Int J Med Sci 2016; 13(3):206-219. doi:10.7150/ijms.13268 This issue

Research Paper

Dietary Flaxseed Mitigates Impaired Skeletal Muscle Regeneration: in Vivo, in Vitro and in Silico Studies

Felicia Carotenuto1,2*, Alessandra Costa3,4, Maria Cristina Albertini5, Marco Bruno Luigi Rocchi5, Alexander Rudov5, Dario Coletti6, Marilena Minieri7, Paolo Di Nardo1, Laura Teodori2✉

1. Department of Clinical Sciences and Translational Medicine, University of Rome Tor Vergata, Rome, Italy.
2. Diagnostic & Metrology , FSN-TECFIS-DIM, ENEA, Frascati-Rome, Italy.
3. Department of Surgery, McGowan Institute, University of Pittsburgh Medical Center, Pittsburgh, PA, USA.
4. Fondazione San Raffaele, Ceglie Messapica Italy.
5. Department of Biomolecular Sciences; Urbino University “Carlo Bo”; Urbino, Italy.
6. UMR 8256, UPMC P6, Pierre et Marie Curie University, Department of Biological Adaptation and Aging, Paris Cedex, France.
7. Department of Experimental Medicine and Surgery, University of Rome Tor Vergata , Rome, Italy.
*Visiting Researcher at FSN-TECFIS-DIM, ENEA

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Carotenuto F, Costa A, Albertini MC, Rocchi MBL, Rudov A, Coletti D, Minieri M, Di Nardo P, Teodori L. Dietary Flaxseed Mitigates Impaired Skeletal Muscle Regeneration: in Vivo, in Vitro and in Silico Studies. Int J Med Sci 2016; 13(3):206-219. doi:10.7150/ijms.13268. Available from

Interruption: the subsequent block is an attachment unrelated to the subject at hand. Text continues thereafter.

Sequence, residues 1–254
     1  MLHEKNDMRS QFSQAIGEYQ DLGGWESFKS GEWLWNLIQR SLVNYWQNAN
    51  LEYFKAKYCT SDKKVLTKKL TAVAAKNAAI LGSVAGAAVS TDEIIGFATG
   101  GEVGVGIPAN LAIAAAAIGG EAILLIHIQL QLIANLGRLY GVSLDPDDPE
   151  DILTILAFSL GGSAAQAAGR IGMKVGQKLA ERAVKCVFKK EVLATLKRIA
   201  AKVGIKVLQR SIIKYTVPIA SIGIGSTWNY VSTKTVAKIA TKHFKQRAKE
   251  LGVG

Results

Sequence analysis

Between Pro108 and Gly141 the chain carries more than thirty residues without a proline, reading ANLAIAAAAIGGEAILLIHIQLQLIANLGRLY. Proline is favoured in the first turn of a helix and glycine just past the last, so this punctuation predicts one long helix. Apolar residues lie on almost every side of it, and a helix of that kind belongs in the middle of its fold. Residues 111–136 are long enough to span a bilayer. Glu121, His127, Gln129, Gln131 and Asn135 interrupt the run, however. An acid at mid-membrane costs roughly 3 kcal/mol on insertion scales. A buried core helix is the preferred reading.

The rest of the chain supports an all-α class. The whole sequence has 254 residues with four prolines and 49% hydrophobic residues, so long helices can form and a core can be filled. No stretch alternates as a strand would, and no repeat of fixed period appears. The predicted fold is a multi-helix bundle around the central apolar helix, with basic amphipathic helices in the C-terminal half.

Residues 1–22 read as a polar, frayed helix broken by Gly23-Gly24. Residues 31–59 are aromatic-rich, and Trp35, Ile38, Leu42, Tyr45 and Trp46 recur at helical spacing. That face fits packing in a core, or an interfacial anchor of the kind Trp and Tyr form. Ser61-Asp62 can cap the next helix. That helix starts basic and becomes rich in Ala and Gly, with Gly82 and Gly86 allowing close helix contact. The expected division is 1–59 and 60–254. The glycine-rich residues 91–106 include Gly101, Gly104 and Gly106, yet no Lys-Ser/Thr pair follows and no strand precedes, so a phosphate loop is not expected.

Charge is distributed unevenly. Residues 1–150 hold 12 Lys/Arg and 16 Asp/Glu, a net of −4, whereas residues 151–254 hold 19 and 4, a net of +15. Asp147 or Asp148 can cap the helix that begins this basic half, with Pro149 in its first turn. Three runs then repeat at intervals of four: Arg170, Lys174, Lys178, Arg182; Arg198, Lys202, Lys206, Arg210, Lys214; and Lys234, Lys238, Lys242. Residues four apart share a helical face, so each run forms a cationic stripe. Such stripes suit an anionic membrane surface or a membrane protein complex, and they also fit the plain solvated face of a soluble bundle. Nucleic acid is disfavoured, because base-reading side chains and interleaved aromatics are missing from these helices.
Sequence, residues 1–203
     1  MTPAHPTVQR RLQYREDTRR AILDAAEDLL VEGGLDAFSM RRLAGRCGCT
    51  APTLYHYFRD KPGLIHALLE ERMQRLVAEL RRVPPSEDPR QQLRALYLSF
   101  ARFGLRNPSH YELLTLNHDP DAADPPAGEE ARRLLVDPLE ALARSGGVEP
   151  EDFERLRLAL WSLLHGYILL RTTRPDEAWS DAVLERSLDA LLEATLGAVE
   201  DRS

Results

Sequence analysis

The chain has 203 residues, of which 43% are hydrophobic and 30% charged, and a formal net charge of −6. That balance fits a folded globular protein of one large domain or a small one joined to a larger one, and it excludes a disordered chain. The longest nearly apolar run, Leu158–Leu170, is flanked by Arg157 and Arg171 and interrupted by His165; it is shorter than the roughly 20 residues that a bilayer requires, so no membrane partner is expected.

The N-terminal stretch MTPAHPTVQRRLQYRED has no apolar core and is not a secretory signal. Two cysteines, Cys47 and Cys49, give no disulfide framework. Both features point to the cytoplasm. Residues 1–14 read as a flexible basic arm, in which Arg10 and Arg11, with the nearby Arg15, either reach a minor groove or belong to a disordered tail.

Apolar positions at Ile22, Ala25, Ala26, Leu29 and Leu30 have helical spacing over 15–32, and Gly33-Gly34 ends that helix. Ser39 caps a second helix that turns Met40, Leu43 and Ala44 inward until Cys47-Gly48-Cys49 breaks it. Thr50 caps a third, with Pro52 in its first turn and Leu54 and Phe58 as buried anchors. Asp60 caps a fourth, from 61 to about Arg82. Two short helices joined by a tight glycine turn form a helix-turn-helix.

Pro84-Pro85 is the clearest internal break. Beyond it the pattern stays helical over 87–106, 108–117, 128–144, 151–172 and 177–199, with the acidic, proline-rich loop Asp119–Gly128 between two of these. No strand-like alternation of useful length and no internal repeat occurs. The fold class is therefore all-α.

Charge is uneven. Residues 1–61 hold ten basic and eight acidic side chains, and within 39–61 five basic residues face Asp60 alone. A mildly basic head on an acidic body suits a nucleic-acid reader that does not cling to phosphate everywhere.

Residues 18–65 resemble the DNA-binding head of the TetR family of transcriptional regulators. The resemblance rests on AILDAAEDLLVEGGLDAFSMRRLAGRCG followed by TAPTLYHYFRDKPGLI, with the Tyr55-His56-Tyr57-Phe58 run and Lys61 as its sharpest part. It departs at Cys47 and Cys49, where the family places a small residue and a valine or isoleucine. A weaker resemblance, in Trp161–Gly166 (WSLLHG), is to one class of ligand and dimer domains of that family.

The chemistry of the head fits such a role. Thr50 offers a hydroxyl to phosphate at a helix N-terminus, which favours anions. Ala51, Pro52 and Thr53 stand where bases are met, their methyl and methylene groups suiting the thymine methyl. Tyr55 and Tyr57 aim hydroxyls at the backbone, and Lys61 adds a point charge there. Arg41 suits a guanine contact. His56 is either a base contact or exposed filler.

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Background: Diets enriched with n-3 polyunsaturated fatty acids (n-3 PUFAs) have been shown to exert a positive impact on muscle diseases. Flaxseed is one of the richest sources of n-3 PUFA acid α-linolenic acid (ALA). The aim of this study was to assess the effects of flaxseed and ALA in models of skeletal muscle degeneration characterized by high levels of Tumor Necrosis Factor-α (TNF).

Methods: The in vivo studies were carried out on dystrophic hamsters affected by muscle damage associated with high TNF plasma levels and fed with a long-term 30% flaxseed-supplemented diet. Differentiating C2C12 myoblasts treated with TNF and challenged with ALA represented the in vitro model. Skeletal muscle morphology was scrutinized by applying the Principal Component Analysis statistical method. Apoptosis, inflammation and myogenesis were analyzed by immunofluorescence. Finally, an in silico analysis was carried out to predict the possible pathways underlying the effects of n-3 PUFAs.

Results: The flaxseed-enriched diet protected the dystrophic muscle from apoptosis and preserved muscle myogenesis by increasing the myogenin and alpha myosin heavy chain. Moreover, it restored the normal expression pattern of caveolin-3 thereby allowing protein retention at the sarcolemma. ALA reduced TNF-induced apoptosis in differentiating myoblasts and prevented the TNF-induced inhibition of myogenesis, as demonstrated by the increased expression of myogenin, myosin heavy chain and caveolin-3, while promoting myotube fusion. The in silico investigation revealed that FAK pathways may play a central role in the protective effects of ALA on myogenesis.

Conclusions: These findings indicate that flaxseed may exert potent beneficial effects by preserving skeletal muscle regeneration and homeostasis partly through an ALA-mediated action. Thus, dietary flaxseed and ALA may serve as a useful strategy for treating patients with muscle dystrophies.

Keywords: muscle dystrophy, diet, flaxseed, Inflammation, myogenesis, in silico.